Given the recent phenomenon of portfolio investment in bond market (hot money), Pakistan is fast becoming exposed to global financial shocks. The oil war between Saudi and Russia in the aftermath of COVAD-19 has resulted in estimated outflow of $500 million (hot money) from T-BIlls on first two days of the ongoing week. The currency market depreciated by around 2.5 percent due to demand of dollars. The amount takes 1-3 days to settle, the selling of Monday and Tuesday will be fully reflected in SCRA by Friday.
By the end of this week, T-Bills outflows from SCRA will reach $700-750 million during March to date. Portfolio investment in T-bill will concurrently decline by one fourth from $3.2 billion to $2.5 billion. The impact on SBP reserves will be similar. The reserves may not fall by same number as the inflows related to exports and remittances are to dilute the impact. Reportedly, Export transactions were selling more in advance yesterday. This may help in financing some of the outflows. But that would lower the future export related flows. Apart from that, banks are exhausting their ammunition, leaving less room for further firefighting, if needed.
Some pundits are of the view that T-Bills outflow is in anticipation of decline in policy rate at home in upcoming monetary policy review. That argument is misplaced as the outflows are in line with other emerging markets. The money is going out due to global view taken by foreign institutional investors. For example, portfolio investment in Indian equity market fell by $3 billion in Feb and March to date. The bond flows in all the emerging markets is in red during this week. Foreigners took out $1.2 billion from India in bond market this week. The outflow is $6.9 billion in Japan, and $2.8 billion each in Korea and Taiwan.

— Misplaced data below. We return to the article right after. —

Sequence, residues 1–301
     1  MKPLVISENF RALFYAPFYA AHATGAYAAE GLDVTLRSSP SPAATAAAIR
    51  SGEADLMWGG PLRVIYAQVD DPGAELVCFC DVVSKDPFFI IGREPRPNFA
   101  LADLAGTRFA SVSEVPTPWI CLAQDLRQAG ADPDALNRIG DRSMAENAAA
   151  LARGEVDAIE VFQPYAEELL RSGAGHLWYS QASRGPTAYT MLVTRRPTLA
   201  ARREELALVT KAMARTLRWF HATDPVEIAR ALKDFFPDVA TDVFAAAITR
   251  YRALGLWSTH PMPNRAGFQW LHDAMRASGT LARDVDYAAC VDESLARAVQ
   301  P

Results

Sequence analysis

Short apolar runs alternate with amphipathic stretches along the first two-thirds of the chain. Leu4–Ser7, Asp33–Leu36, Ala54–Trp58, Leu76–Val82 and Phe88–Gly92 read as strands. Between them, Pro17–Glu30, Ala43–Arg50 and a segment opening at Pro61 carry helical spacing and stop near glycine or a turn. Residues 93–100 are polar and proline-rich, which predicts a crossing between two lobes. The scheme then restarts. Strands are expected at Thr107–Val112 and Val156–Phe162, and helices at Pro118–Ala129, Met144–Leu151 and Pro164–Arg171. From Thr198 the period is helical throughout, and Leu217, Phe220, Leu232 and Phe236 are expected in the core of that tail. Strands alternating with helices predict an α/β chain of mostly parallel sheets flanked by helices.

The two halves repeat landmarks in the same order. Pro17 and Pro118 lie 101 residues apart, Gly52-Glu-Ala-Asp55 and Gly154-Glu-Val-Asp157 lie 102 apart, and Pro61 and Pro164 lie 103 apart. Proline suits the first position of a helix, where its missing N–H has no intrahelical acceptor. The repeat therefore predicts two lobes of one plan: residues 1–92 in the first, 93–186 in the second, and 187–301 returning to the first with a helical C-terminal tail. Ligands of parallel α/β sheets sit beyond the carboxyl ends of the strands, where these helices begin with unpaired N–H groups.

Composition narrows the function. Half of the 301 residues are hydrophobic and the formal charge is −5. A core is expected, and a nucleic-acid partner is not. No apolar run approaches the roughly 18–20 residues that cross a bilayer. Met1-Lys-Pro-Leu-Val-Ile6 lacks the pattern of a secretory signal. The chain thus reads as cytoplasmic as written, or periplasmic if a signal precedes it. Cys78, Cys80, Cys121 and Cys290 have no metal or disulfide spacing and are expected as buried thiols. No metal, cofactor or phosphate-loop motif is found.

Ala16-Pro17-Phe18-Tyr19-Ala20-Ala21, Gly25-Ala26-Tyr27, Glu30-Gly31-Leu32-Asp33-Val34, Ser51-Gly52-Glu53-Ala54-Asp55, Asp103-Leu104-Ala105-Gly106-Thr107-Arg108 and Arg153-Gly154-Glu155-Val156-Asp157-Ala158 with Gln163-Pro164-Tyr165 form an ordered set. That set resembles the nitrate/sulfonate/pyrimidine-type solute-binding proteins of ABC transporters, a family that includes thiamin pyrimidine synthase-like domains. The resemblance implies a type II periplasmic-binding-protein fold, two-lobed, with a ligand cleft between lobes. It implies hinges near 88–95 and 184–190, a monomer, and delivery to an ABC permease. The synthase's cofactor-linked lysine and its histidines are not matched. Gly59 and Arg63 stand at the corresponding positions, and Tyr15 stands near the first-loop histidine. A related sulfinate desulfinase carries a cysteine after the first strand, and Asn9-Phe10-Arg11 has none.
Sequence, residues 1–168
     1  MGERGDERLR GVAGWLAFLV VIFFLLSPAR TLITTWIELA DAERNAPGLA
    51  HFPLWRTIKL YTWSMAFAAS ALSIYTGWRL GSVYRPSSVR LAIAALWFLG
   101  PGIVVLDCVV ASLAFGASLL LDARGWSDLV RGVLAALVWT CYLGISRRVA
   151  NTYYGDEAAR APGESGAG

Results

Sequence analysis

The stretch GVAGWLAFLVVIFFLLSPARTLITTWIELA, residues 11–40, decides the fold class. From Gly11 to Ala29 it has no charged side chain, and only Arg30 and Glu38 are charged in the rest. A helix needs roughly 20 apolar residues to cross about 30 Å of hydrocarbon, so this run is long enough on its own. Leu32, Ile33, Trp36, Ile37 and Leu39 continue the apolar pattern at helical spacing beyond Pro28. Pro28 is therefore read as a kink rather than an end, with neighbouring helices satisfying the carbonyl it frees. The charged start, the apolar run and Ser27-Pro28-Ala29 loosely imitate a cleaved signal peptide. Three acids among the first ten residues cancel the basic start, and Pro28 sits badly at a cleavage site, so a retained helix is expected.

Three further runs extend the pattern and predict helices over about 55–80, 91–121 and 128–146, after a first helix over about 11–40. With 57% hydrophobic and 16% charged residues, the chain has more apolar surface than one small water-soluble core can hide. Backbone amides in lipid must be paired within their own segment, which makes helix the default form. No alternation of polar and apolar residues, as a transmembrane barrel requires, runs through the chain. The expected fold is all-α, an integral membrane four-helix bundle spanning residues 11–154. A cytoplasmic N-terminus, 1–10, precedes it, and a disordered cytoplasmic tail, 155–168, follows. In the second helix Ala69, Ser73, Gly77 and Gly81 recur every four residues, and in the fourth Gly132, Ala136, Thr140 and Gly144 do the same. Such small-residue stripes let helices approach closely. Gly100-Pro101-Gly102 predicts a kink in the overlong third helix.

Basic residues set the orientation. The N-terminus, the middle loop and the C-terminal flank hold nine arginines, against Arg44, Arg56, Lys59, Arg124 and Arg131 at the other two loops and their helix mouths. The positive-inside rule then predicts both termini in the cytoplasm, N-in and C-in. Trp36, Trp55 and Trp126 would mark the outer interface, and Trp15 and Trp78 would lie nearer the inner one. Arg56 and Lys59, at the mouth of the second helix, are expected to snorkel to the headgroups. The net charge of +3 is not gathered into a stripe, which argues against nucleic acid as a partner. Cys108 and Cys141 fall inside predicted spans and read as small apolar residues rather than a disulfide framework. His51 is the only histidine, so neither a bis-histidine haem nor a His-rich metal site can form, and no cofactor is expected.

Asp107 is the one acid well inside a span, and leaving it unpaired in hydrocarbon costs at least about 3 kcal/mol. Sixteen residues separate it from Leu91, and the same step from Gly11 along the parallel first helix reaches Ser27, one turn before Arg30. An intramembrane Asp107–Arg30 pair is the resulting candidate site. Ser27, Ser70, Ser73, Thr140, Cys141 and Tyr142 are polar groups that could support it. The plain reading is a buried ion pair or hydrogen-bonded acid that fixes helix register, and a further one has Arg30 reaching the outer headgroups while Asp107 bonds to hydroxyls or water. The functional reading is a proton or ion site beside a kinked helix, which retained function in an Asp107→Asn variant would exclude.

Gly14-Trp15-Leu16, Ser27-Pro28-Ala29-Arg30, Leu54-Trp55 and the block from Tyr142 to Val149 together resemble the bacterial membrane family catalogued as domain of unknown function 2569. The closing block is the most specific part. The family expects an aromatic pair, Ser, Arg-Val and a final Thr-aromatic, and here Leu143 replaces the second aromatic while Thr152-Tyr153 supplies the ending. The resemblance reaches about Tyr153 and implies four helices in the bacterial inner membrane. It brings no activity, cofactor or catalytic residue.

Pakistan is no exception. Official flows of SCRA are showing $194 million in first two days of the week. Rest of the transactions that have taken place since will settle by Friday. On same token, outflows from other emerging economies in this week will enhance as settlements shall take place in respective markets.
The question is when will the mayhem stop. Initial reaction may have been exaggerated. Monday was the worst day with around $350-400 million worth T-Bills sold by foreigners in a day. The amount reduced to $100-150 million on Tuesday. Wednesday is expected to have been marginally better. T-Bill auction took place yesterday as well. Let’s see whether there will be any inflow in it.
Time are fluid. It’s hard to say what the overall impact of the global slowdown on Pakistan shall be. Having low oil prices in the band of $30-40 is good for Pakistan. But if things go more south, the good news might turn into bad or ugly for Pakistan. There will be trade account savings as imports value may fall more than exports. Commodity prices across the board are falling, the savings will not only be in oil. On the same token, exports commodity prices are falling too. On net basis, its beneficial for Pakistan.
The catch is in remittances. Around 50 percent of inward worker remittances come from Saudi Arabia and UAE. With oil to sustainably remain low, remittance flows could see deterioration. Then the FDI and portfolio investment flows may weaken as well. Outflow from T-Bills was only one demonstration of what may be a longer-term phenomenon. Word of caution for investors, it’s time to sit tight and watch.